Museums Join Global Day of Solidarity March 4 to Support Shuttered Bosnian National Museum and Other Threatened Cultural Institutions

Dozens of museums, galleries, and universities in more than 20 countries will join a protest March 4 in solidarity with the National Museum of Bosnia-Herzegovina, which recently marked its 125th anniversary with its doors shut, and six other national cultural institutions that have been closed indefinitely or are threatened with closure as a result of a political crisis and undefined legal status. The closure threatens art, historical collections and antiquities unique to Bosnia and the Balkans.

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Zakucavanjem daske na glavni ulaz Zemaljskog muzeja u Sarajevu simbolično je označeno zatvaranje jedne od najznačajnijih kulturno istorijskih institucija BiH, 4. oktobar 2012. Foto: RSE / Midhat Poturović

Planks mark the closure of the National Museum in Sarajevo, one of the most important cultural institutions of Bosnia-Herzegovina, October 4, 2012. Photo courtesy RSE / Midhat Poturović

Bosnia's heritage is at stake

(PRWEB) February 20, 2013

Nearly 100 museums, galleries and libraries in more than 20countries around the world will symbolically "close" objects on exhibit March 4 to raise awareness of the crisis facing the shuttered National Museum of Bosnia-Herzegovina, and six other Bosnian cultural institutions in Bosnia-Herzegovina of national stature that have been indefinitely closed or are under threat as a result of a political fight in the country's federal parliament.

Sarajevo's National Museum, National and University Library, National Art Gallery, the Historical Museum, the Museum of Literature and Theater Arts, the National Film Archive and the National Library for the Blind have all closed or are on the verge of closure during the past year because factions in Bosnia's parliament cannot agree to fund them as national institutions.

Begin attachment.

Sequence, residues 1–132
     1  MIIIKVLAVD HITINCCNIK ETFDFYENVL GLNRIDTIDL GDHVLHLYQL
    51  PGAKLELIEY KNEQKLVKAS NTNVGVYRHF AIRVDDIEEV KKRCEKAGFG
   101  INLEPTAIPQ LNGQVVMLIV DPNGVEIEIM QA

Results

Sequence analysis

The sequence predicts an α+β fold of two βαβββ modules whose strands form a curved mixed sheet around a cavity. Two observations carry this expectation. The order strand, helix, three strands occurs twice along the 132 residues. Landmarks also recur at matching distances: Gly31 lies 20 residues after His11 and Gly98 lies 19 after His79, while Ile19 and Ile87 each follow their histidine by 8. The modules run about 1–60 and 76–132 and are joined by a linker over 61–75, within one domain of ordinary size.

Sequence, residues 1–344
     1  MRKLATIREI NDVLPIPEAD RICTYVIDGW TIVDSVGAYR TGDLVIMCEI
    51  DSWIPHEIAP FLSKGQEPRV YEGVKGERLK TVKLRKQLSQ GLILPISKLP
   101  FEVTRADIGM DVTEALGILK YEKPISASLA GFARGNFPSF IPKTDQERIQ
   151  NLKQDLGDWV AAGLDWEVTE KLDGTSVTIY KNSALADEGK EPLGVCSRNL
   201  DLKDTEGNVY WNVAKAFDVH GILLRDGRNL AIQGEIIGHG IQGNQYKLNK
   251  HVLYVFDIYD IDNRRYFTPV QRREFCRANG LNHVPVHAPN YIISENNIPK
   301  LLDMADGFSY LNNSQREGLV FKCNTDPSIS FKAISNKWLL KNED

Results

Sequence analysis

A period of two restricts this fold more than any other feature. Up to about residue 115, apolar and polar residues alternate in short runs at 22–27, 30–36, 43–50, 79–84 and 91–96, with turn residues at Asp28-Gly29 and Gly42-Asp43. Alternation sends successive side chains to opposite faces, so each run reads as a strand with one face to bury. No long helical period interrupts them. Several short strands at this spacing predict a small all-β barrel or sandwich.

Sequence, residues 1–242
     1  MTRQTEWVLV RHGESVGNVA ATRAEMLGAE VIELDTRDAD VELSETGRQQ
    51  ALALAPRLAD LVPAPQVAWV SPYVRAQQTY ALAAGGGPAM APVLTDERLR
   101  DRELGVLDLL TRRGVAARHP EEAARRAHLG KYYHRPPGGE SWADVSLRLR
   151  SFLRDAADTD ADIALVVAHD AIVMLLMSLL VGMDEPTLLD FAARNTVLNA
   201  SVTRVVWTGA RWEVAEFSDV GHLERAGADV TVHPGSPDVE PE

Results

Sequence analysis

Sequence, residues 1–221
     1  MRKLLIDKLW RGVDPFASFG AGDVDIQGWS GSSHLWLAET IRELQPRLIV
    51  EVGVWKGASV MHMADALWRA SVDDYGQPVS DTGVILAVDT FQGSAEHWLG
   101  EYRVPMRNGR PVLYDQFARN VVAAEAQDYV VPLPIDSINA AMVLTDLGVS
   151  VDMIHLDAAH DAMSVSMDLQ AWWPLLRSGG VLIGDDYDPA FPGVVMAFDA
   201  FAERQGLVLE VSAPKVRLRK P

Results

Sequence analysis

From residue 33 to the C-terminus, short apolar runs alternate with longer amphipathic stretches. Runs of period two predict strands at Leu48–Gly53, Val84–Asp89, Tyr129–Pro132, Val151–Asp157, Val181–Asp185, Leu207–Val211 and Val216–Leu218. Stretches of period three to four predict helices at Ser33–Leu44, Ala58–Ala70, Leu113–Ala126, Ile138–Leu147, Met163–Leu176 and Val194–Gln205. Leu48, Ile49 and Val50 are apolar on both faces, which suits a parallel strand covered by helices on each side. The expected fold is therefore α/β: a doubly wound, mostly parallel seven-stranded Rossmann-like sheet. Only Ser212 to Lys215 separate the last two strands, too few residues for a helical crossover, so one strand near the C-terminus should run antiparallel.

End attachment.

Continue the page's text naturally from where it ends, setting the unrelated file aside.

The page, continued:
"This is a real crisis because the collections, art pieces, and artifacts need care and attention of institutions with electricity, climate and pest control, and paid, professional curators to protect them," said Azra Aksamija, assistant professor of art at the Massachusetts Institute of Technology and a founding member of CULTURESHUTDOWN, an international group of academics and cultural activists coordinating the day of solidarity. "Most of these institutions and their collections survived the war with the heroic help of their curators. Their collections are irreplaceable. To face ruin due to pure political neglect is hard to accept, which is why we're organizing this protest."

Several American cultural institutions are participating in the protest, including the Museum of Modern Art in Chicago, the Crocker Art Museum in Sacramento, Calif., the Frost Art Museum in Coral Springs, Fla., the Rose Art Museum of Brandeis University in Waltham, Mass., the Zimmerli Art Museum in New Brunswick, N.J., the Florida Holocaust Museum in St. Petersburg, Fla., the Museum of Arts and Origins in New York, N.Y., as well as galleries such as the Pitzer College Art Galleries in Claremont, Calif., the SPECTRE Arts in Durham, N.C. and the White Box in New York, N.Y.

Additionally, faculty from different academic institutions in the United States are also supporting this action, such as from the Program in Art, Culture and Technology at MIT, The New School Art Collection in New York, N.Y., the Wentworth Institute of Technology in Boston, Mass., National Louis University in Skokie, Ill., Parsons The New School for Design, Fine Arts Program in New York, N.Y., the University of Illinois-Chicago, Cornell University in Ithaca, N.Y., and the Richard Stockton College, Galloway, N.J. A complete list of the participating institutions can be found at http://www.cultureshutdown.net/participating-institutions/.

Just as the National Museum in Sarajevo barricaded its doors when it was forced to close, these institutions will "tape off" parts of their exhibits to raise awareness of plight of Bosnia's institutions (see accompanying graphics).

"We believe that this show of unity can demonstrate to the parliament that a solution can be found," Aksamija said. "Money isn't the issue and this is not just Bosnia's problem. The world's heritage is at stake."

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